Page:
There is almost no getting around it: any real devotee of a poet will be a completist, and a ‘selected poems’ to such a reader will be a ho-hum affair. (Perhaps it’s that the poet, ranging and choosing, ‘playing god’, has usurped the job of the reader, and the reader – the good reader, the ideal reader – resents him for it). A loveless and friendless book, then, by and large, bespeaking at the most the poet’s good or bad judgment, his self-infatuation or self-severity, a weakness for his beginnings, or a preference for the newer stuff. It will be obvious or perverse, both too long and too short (more is less, but less is less as well), neither old nor new, and the whole thing standard, predictable and expressionless.
Not so this one of Paul Muldoon’s. The astonishing escapologist (‘Who cooked and ate an omelette/ midway across Niagara falls?’ he asks in the teasing poem autobiography called ‘A Collegelands Catechism’), has basically done it again, and by the simplest means. He has represented each one of his now 12 books – from New Weather (1973) to One Thousand Things Worth Knowing (2015) – with five poems apiece. From the eight poems of Madoc: A Mystery (1990) – five pieces; from the forty-two of Hay (1998) – five pieces. The Irish landscape painting on the cover of the US edition (Martin Gale’s Dividing Road), a milk and water sky in late winter or early spring, tufty yellow grass, a couple of shaggy vealers, a shiny motorway curving emptily away into the distance, itself is horizontally sliced five ways. Sixty poems, a little over two hundred pages, and strait-jacketed by the Zwang to quincunx, a gift to old and new readers alike. As often with Muldoon, one wonders why no one has thought to do something similar before. (I can’t think of anything quite like it). ... read more.- Michael Hofmann, Poetry Ireland Review
Few people bother to memorize poems any more. Were this practice to come back into fashion, not many would turn to the work of Paul Muldoon.
He’s a difficult poet — allusive, riddling, satirical, strange. His work only rarely trips off the tongue. His poems set trapdoors — emotional, metrical, intellectual — into which you can fall for miles. On the way down, there will be bats. You may land with thunk back in County Armagh, in Northern Ireland, on the farm where he was born. He will have dropped you there (he is poetry editor of The New Yorker) from a dizzying urban height.
Since I first read it 10 years ago, however, it’s a Muldoon poem I most wish I had added to the small college-era verse-store in my head. The poem is “The Old Country,” and it first appeared in his collection “Horse Latitudes” (2006).... read more.- Dwight Garner, New York Times
The Fuzzy In-Betweenness of Everything
In Paul Muldoon’s curiously timely poetry, identities are always fluid and allegiances always partial.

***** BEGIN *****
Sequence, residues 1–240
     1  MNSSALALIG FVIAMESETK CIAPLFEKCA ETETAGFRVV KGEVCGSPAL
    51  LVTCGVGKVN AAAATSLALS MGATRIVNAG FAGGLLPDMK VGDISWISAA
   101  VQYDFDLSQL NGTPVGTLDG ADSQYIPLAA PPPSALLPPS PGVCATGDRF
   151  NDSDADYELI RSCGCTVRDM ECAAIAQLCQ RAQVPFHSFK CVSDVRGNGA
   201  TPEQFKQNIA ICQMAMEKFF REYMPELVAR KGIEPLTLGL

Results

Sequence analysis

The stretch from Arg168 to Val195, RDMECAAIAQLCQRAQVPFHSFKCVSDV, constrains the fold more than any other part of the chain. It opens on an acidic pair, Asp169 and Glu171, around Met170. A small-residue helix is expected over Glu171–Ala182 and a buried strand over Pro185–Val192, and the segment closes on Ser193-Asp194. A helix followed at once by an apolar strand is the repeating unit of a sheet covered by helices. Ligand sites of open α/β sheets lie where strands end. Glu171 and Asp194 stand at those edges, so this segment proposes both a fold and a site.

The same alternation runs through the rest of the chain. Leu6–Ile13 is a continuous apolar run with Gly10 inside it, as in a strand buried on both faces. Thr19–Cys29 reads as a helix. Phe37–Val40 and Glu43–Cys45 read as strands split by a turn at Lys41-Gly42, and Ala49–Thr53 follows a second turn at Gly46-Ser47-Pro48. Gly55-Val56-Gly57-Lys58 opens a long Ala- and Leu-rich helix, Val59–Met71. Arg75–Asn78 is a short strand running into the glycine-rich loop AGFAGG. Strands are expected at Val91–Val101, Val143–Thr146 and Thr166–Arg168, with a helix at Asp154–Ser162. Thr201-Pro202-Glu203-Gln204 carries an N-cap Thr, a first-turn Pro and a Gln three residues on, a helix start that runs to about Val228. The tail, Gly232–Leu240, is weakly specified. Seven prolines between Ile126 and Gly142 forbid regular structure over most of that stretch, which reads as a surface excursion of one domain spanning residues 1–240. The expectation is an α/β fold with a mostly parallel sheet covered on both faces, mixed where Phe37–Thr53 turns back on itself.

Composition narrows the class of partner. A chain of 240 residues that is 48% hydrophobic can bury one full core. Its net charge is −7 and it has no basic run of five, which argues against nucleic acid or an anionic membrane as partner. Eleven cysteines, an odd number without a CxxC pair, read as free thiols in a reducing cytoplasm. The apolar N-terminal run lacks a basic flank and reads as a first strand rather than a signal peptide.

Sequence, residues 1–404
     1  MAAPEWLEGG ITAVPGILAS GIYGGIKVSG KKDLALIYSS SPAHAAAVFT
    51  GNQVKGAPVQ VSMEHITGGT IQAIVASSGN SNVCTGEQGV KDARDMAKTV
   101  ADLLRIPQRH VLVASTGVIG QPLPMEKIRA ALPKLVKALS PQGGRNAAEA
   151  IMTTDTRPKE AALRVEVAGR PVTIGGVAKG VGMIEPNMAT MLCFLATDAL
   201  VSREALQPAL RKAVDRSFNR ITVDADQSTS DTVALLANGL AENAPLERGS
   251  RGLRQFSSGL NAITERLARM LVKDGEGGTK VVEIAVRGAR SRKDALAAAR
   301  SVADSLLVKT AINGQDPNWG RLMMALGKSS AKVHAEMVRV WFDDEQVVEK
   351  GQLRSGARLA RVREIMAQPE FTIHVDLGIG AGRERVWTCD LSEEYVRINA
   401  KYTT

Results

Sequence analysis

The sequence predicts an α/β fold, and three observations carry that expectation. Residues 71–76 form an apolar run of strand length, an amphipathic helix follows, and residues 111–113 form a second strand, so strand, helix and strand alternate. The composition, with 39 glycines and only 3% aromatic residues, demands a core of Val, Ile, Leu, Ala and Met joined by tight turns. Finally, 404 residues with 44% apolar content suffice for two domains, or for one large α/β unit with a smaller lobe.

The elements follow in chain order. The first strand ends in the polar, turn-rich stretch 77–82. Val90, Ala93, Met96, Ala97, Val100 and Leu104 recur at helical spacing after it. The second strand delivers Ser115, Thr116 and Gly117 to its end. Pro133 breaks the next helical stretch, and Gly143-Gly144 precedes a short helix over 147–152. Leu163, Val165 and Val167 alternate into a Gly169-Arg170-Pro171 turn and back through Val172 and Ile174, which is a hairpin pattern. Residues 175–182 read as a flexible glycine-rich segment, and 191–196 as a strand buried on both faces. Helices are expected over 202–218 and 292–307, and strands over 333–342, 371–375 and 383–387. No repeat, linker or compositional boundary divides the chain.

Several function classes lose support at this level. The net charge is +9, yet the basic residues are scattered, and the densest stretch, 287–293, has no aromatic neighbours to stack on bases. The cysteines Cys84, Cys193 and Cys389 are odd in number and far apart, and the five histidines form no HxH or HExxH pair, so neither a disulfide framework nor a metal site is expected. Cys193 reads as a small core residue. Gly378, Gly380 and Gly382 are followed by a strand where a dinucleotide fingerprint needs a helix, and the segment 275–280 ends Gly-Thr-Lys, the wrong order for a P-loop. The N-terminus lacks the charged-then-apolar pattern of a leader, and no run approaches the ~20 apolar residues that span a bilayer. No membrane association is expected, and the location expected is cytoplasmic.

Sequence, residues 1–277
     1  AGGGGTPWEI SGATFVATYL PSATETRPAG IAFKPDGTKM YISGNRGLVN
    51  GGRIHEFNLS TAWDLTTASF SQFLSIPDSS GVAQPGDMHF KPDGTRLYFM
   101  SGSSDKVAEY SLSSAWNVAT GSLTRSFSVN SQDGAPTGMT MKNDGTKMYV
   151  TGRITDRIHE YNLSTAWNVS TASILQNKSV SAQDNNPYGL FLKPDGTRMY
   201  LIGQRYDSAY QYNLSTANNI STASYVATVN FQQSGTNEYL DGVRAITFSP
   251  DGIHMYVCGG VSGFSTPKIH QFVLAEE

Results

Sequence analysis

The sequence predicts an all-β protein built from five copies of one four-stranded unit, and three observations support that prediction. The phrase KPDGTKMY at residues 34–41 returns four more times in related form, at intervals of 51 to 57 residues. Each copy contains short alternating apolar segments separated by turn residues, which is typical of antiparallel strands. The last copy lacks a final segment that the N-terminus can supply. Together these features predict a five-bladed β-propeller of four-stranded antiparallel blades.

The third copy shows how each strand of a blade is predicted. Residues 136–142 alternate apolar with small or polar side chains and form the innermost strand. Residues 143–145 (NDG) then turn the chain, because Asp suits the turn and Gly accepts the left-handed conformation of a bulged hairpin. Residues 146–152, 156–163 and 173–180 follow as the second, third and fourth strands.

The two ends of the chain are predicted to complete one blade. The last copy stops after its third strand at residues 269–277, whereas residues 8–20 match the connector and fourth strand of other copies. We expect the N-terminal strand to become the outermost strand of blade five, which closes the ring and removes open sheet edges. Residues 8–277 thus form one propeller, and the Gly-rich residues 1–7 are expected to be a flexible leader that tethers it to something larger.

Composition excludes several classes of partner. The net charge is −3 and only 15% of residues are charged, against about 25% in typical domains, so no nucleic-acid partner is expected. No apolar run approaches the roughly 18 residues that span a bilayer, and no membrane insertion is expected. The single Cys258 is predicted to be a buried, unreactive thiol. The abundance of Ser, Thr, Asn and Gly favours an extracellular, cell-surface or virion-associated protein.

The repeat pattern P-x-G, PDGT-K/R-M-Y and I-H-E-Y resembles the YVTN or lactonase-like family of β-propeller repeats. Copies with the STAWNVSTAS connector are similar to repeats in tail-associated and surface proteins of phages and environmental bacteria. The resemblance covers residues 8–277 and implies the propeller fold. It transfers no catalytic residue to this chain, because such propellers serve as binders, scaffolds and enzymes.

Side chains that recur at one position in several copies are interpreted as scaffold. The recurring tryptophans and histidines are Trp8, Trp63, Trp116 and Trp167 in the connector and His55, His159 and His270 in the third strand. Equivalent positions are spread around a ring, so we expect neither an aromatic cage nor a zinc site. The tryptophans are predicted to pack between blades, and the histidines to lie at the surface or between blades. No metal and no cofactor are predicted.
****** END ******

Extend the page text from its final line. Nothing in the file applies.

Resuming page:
“Yet by my broken bones// I tell new weather.” When these precocious lines appeared in his 1973 debut New Weather, the Irish poet Paul Muldoon was 21, a student at Queen’s University in Belfast, and generally too self-deprecating, too generalization-averse, for such brash pronouncements. Today, in one of those serendipitous coincidences that buoy his poetry, Muldoon’s forecast sounds like utter understatement. At 65, Muldoon—Princeton professor, New Yorker poetry editor (and honey-tongued host of its poetry podcast), one Nobel shy of amassing the literary world’s biggest prizes—can take credit for an expansive weather pattern in contemporary poetry, a half-century of shapeshifting, inimitable work.
... read more.- Christopher Spaide, slate.com
Paul Muldoon’s Selected Poems 1968-2014 (Farrar, Straus and Giroux) demonstrates why he has long been regarded as one of the most significant poets of the past 50 years. Here, as he draws from numerous previous collections, including “Moy Sand and Gravel,” which won the Pulitzer Prize, Muldoon displays the full range of his voice, which can be whimsical, melancholy, pensive, angry or delight in word play.... read more.- Elizabeth Lund, The Washington Post
Paul Muldoon’s Muldoonishness, and the regularity with which new books appear, can obscure his innovation. As he put it in his poem The Key: “I’ve sometimes run a little ahead of myself, but mostly I lag behind, my footfalls already pre-empted by their echoes.” However, Muldoon’s books are not karaoke repetitions or formal, foregone conclusions, and Selected Poems 1968-2014 (Faber, £14.99) offers a good vantage point on the restlessness of his growth as a poet.... read more.- John McAuliffe, The Irish Times
A virtuoso since his student days in Northern Ireland, Muldoon has collected many of poetry’s most coveted trophies during his half-century-long career, including a Pulitzer Prize. This impressive yet approachable selection, replacing an earlier selected, offers an excellent introduction to his relentlessly crafted work.... read more.- Publishers Weekly